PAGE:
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UCI may not appeal Lance Armstrong ban

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UCI President Pat McQuaid speaks to the press

UCI President Pat McQuaid speaks to the press (Image credit: AFP)
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Lance Armstrong has been a huge part of George Hincapie's career

Lance Armstrong has been a huge part of George Hincapie's career (Image credit: AFP)

There is no appeal in the works by the UCI over the lifetime ban of Lance Armstrong, and the nullification of his results imposed by the US Anti-Doping Agency, Reuters reported today.

UCI president Pat McQuaid said he is still waiting to see the full dossier from USADA, which in June charged Armstrong and five associates from the US Postal Service team with doping, trafficking and conspiracy to cover up widespread doping activities.

Armstrong chose not to take the case to arbitration, effectively accepting the lifetime ban and having his seven Tour de France titles stripped.

"The UCI has no reason to assume that a full case file does not exist. They have a full case file so let them provide the full case file," McQuaid said.

There had been some speculation that the UCI would take its objections over being usurped as results management authority in this case by USADA to the Court of Arbitration for Sport (CAS), but McQuaid countered those ideas, stating, "unless the USADA's decision and case file give serious reasons to do otherwise, the UCI has no intention to appeal to CAS or not to recognize the USADA's sanctions on Lance Armstrong.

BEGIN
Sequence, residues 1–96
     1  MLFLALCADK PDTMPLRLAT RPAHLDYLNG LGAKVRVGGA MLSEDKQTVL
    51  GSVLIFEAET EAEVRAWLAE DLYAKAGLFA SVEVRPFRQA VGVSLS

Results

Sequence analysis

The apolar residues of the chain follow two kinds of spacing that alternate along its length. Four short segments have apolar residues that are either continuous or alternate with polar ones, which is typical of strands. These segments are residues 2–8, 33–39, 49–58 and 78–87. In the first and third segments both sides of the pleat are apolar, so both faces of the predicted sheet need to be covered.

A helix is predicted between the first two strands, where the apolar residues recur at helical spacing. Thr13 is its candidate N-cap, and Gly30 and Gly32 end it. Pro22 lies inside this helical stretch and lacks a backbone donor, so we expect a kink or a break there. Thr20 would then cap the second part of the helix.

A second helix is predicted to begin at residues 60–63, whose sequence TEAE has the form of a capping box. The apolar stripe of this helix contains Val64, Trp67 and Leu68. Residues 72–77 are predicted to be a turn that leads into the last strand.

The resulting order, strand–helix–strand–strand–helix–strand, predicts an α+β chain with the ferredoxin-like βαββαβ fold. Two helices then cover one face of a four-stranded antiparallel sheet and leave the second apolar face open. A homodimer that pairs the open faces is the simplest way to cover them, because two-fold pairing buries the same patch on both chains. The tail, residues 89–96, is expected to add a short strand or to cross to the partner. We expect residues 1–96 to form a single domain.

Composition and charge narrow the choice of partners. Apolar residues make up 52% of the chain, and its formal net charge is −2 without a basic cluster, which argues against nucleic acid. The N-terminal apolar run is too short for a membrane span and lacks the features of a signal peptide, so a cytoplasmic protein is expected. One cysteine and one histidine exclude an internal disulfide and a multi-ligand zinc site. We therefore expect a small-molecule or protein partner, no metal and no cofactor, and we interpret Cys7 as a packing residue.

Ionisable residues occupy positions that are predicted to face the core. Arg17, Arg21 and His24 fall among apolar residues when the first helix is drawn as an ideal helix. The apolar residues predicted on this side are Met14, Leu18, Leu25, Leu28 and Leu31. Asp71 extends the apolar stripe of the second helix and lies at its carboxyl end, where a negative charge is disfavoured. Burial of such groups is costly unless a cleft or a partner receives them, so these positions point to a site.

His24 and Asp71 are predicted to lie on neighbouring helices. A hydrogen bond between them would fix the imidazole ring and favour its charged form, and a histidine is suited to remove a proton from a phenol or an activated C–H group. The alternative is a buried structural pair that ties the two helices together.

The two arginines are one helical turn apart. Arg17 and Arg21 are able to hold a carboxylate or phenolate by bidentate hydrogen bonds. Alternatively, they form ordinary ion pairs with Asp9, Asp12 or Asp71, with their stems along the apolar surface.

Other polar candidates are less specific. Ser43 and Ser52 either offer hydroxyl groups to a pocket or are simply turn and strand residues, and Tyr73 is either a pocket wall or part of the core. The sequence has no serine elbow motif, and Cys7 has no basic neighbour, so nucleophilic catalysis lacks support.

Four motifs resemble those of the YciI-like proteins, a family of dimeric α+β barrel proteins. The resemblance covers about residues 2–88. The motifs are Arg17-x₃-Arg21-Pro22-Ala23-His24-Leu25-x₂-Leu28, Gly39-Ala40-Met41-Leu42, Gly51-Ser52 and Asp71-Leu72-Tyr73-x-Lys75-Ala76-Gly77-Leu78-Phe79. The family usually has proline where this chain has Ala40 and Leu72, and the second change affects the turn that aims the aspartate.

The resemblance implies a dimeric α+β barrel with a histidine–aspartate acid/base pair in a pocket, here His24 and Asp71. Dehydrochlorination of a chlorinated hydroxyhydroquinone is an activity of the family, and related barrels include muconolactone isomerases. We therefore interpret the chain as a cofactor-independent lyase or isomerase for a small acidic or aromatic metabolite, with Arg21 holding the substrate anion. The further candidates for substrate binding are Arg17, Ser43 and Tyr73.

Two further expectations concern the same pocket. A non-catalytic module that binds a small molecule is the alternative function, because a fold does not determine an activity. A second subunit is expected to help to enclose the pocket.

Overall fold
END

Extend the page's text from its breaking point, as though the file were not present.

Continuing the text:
"We need to examine the decision and the file in order to deal with it properly and this is going to take some time. However, I can assure you that this will be prioritized."

McQuaid may, however, be looking into further is allegations that riders gave their testimony against Armstrong in a deal with USADA for a reduced sanction over past doping admissions.

Although the names of the riders who testified are yet to be made public, McQuaid said he would look into statements made by Garmin-Sharp manager Jonathan Vaughters, who wrote in the Cyclingnews forums that several of his riders had doped in the past, including Tom Danielson, David Zabriskie and Christian Vande Velde.

"We need to see if Jonathan Vaughters' accusations have any substance so we can see if we take action against these riders," said McQuaid.